Mining the Seabed

Last year I wrote about the possibility of sending robots to asteroids to mine them for their metals, and although this might sound a little far fetched there are companies that exist to promote and make the idea possible.

In this posting I would like to draw attention to proposals for mineral mining a little closer to home. The International Seabed Authority (part of the UN) released a report last week about how it intends to manage the extraction of metal rich rock from the seabed.

The sea floor contains gold, copper, manganese, cobalt and other metals, and it now seems that the mining companies have the engineering capability to harvest it. The prices are high for these metals too, so they also have some economic push to help them along.

Licenses to prospect have already been granted, so it seems only a matter of time until companies are given permission to start removing pieces of the sea floor.

A hydrothermal vent under the ocean

A Hydrothermal Vent

What they are interested in are pieces of the chimneys of hydrothermal vents which contain many of these metals in high quantities. Some estimates related to the bed of the Eastern Pacific Ocean give an idea of the amount of materials that are down there, seven billion tonnes of manganese, 340 million tonnes of nickel, 290 million tonnes of copper and 78 million tonnes of cobalt.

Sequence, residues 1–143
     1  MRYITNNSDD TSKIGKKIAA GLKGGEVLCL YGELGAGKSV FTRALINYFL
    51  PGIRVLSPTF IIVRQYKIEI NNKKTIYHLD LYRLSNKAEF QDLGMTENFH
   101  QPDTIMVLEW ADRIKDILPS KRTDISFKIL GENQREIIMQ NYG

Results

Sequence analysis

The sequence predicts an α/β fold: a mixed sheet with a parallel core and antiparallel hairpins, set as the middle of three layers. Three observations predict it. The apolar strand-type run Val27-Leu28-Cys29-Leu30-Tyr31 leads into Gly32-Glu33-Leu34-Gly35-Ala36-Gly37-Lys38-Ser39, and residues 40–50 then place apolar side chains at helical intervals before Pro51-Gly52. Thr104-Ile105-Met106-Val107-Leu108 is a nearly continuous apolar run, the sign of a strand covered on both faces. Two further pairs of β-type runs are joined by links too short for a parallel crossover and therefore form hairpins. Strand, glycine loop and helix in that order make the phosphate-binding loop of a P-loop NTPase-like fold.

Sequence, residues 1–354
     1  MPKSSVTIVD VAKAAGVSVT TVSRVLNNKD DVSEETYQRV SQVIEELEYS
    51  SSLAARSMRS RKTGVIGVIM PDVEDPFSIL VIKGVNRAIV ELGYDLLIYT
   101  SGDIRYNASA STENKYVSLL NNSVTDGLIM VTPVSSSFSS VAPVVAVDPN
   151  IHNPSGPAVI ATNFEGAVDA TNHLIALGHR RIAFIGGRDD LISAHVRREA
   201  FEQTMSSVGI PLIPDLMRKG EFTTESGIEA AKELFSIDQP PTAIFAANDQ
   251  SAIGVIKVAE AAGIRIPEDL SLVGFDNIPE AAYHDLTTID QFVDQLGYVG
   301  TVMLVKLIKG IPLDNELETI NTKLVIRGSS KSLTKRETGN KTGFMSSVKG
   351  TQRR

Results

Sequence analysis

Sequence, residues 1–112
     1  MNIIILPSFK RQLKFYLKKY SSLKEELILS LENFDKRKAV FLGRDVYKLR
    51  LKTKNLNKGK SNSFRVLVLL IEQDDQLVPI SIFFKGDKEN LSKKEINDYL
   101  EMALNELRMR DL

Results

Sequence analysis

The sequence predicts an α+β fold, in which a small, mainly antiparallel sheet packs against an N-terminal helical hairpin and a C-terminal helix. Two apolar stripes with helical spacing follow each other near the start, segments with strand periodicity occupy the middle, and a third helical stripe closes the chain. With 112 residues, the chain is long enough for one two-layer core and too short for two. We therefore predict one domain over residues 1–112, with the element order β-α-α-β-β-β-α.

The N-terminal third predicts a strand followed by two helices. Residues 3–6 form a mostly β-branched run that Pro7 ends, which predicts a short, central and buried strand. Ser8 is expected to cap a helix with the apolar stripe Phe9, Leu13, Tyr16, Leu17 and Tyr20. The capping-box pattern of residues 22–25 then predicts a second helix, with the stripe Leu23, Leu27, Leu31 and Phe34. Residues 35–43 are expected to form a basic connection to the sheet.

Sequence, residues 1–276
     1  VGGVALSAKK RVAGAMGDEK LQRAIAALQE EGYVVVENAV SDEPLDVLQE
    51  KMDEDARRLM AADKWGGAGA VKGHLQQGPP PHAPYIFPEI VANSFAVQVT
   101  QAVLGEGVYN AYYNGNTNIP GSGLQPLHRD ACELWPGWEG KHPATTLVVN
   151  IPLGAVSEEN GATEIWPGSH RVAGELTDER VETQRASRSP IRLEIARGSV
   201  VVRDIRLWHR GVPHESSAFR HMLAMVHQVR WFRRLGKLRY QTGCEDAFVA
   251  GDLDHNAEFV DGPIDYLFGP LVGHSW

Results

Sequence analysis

This is a completely new field for mining companies though, nobody has experience in this kind of work. But the only way to gain experience is through actually doing the job, so the authorities are in a tricky position. How can they give licenses to a company with no track record in the field? Surely that means accepting a trial and error system that will inevitably lead to accidents and pollution. There are plenty of recent examples of deep sea oil drilling going very wrong, and that is after many years of experience.

And these hydrothermal vents host life that only exists in the unusual conditions that they create, what will happen to those highly developed and particular creatures and plants?

So I ask the possibly false question of sustainability. We all use these minerals, they are in everything we touch but we don’t tend to think about where they come from. Mining is a dirty business in any situation, and by definition it cannot be sustainable as far as I can see because we are dealing with finite quantities of materials that will not reproduce themselves.

But should we or indeed can we draw a line? Asteroids, the seabed, the Antarctic, where next?